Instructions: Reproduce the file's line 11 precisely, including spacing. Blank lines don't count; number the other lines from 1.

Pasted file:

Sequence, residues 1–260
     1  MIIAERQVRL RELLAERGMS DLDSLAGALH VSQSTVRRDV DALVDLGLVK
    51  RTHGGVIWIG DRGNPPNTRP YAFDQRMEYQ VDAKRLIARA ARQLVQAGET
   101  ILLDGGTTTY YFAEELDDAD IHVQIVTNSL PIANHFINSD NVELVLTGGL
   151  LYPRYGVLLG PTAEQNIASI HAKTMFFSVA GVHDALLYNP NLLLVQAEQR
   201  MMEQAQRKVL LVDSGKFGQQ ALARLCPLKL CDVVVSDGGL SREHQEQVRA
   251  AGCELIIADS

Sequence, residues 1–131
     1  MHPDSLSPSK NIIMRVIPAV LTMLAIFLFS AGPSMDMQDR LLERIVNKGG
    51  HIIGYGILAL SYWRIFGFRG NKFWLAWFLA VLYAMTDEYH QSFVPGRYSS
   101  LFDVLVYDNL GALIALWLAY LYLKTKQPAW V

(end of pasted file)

   101  LFDVLVYDNL GALIALWLAY LYLKTKQPAW V